Why?

Because why should I feel bad for wanting to create a comfortable home for my future family, cooking for my husband, being a soccer mom, keeping my house tidy? Because honestly, I cannot wait.

I will have no problem taking my future husband’s last name, and following his lead.

The Bible appoints men to be the head of a family, and for wives to submit to their husbands. (This can be interpreted in so many ways, so don't get your panties in a bunch at the word “submit”). God specifically made women to be gentle and caring, and we should not be afraid to embrace that. God created men to be leaders with the strength to carry the weight of a family.

However, in no way does this mean that the roles cannot be flipped. If you want to take on the responsibility, by all means, you go girl. But for me personally? I'm sensitive, I cry during horror movies, I'm afraid of basements and dark rooms. I, in no way, am strong enough to take on the tasks that men have been appointed to. And I'm okay with that.

So please, let me look forward to baking cookies for bake sales and driving a mom car.

And I'll support you in your endeavors and climb to the top of the corporate ladder. It doesn't matter what side you are on as long as we support each other, because we all need some girl power.

Cover Image Credit: Unsplash

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10 Microaggressions That I'm Completely Over You Saying

No, you're not being sensitive, that was actually kinda rude.

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I have always noticed little phrases that make me tick a little bit. You know, the ones that make you tilt your head a bit and think "Did they really mean that, like I think they meant that?" but then you just brush it off. However, the other day I was having a conversation with my best guy friend. He was explaining to me a funny story involving his older brother and at one point I said "I relate" to which he responded, "it's different for girls."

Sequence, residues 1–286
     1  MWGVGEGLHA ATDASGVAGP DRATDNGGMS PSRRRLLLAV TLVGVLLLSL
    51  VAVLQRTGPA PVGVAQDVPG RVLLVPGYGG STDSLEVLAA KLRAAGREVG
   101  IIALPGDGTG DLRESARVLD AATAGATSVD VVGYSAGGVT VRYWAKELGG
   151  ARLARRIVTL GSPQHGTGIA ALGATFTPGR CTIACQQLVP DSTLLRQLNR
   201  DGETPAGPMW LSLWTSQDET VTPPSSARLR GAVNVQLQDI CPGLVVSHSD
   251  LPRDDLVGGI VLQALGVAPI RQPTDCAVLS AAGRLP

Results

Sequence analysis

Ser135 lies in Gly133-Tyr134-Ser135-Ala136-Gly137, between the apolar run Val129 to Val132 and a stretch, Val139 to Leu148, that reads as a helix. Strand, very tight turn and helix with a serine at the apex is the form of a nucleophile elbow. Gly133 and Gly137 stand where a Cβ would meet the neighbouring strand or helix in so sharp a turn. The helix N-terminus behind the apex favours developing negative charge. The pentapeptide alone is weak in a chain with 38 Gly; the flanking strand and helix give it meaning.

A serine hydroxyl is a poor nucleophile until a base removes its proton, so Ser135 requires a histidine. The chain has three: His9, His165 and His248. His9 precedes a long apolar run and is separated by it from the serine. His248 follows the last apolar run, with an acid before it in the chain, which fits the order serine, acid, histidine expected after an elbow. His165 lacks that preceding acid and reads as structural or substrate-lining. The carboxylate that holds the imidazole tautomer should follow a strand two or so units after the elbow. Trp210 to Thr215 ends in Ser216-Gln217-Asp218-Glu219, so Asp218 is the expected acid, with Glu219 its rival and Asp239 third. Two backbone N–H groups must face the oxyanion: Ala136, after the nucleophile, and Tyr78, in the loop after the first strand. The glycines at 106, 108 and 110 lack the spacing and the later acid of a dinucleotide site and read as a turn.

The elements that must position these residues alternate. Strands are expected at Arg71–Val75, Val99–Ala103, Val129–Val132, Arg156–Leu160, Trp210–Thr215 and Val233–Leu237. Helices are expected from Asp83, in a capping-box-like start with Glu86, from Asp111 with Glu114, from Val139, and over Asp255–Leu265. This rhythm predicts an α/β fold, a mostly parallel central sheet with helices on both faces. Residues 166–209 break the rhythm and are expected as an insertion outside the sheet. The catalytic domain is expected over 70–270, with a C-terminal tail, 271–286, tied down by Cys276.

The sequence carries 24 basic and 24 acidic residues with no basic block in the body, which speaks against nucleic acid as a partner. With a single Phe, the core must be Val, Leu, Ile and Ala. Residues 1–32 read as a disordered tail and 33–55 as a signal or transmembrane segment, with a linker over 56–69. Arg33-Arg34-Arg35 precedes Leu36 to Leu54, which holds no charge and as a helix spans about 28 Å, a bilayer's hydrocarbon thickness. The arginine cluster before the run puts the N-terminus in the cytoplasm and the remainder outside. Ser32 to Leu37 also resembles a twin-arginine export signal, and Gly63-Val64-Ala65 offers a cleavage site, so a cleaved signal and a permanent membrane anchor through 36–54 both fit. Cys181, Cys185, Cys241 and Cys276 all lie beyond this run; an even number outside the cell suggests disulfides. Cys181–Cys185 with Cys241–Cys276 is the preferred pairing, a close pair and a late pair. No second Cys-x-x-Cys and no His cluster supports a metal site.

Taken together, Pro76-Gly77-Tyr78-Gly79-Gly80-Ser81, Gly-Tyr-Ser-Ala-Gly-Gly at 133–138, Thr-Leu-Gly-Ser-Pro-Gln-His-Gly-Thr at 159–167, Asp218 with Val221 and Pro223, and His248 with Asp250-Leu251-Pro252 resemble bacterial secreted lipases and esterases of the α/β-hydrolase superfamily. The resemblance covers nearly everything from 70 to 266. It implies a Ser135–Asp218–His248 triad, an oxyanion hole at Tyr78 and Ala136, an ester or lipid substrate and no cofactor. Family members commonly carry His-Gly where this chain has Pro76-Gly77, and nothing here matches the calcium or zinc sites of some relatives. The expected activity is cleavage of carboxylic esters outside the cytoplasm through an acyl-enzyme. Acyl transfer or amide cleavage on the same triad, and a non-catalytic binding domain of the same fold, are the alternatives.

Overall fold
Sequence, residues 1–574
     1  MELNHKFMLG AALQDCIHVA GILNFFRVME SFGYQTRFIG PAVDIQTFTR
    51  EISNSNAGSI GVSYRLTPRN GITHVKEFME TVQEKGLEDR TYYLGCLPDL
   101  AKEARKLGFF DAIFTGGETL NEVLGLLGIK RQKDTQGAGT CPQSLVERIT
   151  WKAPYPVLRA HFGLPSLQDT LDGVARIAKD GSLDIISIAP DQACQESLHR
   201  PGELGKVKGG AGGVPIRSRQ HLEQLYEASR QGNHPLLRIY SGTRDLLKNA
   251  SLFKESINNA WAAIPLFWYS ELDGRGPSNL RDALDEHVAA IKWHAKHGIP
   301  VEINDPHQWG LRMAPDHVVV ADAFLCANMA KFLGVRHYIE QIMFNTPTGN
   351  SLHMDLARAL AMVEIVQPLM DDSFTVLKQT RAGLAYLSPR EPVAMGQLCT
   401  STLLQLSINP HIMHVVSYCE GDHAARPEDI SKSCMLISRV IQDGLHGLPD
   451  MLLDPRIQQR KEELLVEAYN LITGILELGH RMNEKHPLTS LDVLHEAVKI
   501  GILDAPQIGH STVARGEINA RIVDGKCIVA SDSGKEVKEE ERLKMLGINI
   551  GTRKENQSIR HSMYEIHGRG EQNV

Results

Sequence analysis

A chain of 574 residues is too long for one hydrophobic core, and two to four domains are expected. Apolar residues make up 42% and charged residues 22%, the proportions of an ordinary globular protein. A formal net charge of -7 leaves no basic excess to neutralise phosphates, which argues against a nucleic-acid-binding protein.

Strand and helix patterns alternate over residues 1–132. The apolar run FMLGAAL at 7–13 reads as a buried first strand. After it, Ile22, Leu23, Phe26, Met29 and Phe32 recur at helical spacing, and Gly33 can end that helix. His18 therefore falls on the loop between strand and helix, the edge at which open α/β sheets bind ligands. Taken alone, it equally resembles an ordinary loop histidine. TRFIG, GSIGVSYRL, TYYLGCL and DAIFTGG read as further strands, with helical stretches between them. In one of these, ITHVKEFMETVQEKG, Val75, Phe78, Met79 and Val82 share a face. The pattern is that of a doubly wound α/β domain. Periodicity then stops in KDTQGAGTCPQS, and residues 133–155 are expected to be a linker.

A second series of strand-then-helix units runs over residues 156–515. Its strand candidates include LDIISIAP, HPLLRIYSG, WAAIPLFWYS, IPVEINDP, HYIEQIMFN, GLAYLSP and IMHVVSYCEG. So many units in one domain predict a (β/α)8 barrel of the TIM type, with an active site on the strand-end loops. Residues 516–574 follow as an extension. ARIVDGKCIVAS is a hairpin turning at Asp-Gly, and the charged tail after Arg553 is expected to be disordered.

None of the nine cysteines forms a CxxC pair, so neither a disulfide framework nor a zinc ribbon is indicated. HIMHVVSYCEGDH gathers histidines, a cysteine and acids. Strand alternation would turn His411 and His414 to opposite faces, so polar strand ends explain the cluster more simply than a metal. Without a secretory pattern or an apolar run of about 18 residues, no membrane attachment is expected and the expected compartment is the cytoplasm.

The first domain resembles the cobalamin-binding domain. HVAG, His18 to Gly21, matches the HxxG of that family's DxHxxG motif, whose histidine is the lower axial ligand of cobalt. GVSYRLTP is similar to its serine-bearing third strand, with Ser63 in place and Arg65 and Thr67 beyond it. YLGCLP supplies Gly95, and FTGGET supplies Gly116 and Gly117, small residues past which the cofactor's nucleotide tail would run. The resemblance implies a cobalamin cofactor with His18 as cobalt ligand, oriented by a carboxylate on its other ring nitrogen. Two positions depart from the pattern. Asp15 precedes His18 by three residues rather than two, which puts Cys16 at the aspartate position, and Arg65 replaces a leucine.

Wait, what?

Here are some subtle, everyday micro-aggressions that are getting a little old:

1. "You don't get it, it's different for boys."

Honestly, you're right. It is different, and that's why this comment bothers me, because it shouldn't be different for guys. We should be held to the same exact standards and experiences.

2. "Is it like... that time of the month?"

What if it is? That shouldn't be any of your concern. You mean to tell me you wouldn't be a happy-go-lucky ray of sunshine if it felt like there were jackknives playing hopscotch in your uterus? That's what I thought.

3. "Don't be such a girl."

That's exactly what I'm going to be. Partially because I am a girl, and partially because whatever it is you're trying to force me to do, I genuinely don't want to do. Leave me alone.

4. "Lol am I totally being friend zoned right now?"

Hahahahaha... yes. Just because you're a boy, I'm a girl and we have struck up a conversation does not mean there are butterflies going crazy in my stomach, nor will I reconsider my "friendship" status simply because you have verbally stated it. Sorry, not sorry.

5. "Are you sure you want to wear that?"

Oh, this? You mean the article of clothing I purposely picked out of my closet and have put on my body and not taken off? No, I'm actually not sure if I want to wear it yet. I'll let you know at the end of the night.

6. "Why don't you smile more? You're cuter when you smile."

And you're cuter when your mouth is shut and you're not telling me what to do. Also, I always look cute.

7. "You're being dramatic, it's not that deep."

Fun fact: It's actually as deep as I want it to be. Everything you say is up for my interpretation. I don't know how you're thinking or how you want me to process what you're saying... so if I think it's that deep, it's that deep.

8. "Well, you do this better than I do anyway."

First of all, you're most likely not even trying. Second, I don't know what I'm doing half the time and I asked you to do it for a reason. So, just do it.

9. "How could you possibly not want children?"

By not wanting them. See? That was easy to understand.

10. "There's no way you guys are 'just friends'."

There actually is a way. By being friends. The same way you're just friends with your bros and with that girl in your math class that sends you the notes. Friendship is very much possible.

* * *

To be completely honest, I've said some of these phrases. Some of them even to men. Every day I try to stop myself, even if it's mid-conversation, from saying phrases like such because every little step is another one towards a society that doesn't need to demean one gender in order to be "funny" or "relatable."

I don't expect there to be a magical day in the future where none of these phrases are spoken, but the less they're heard, the better.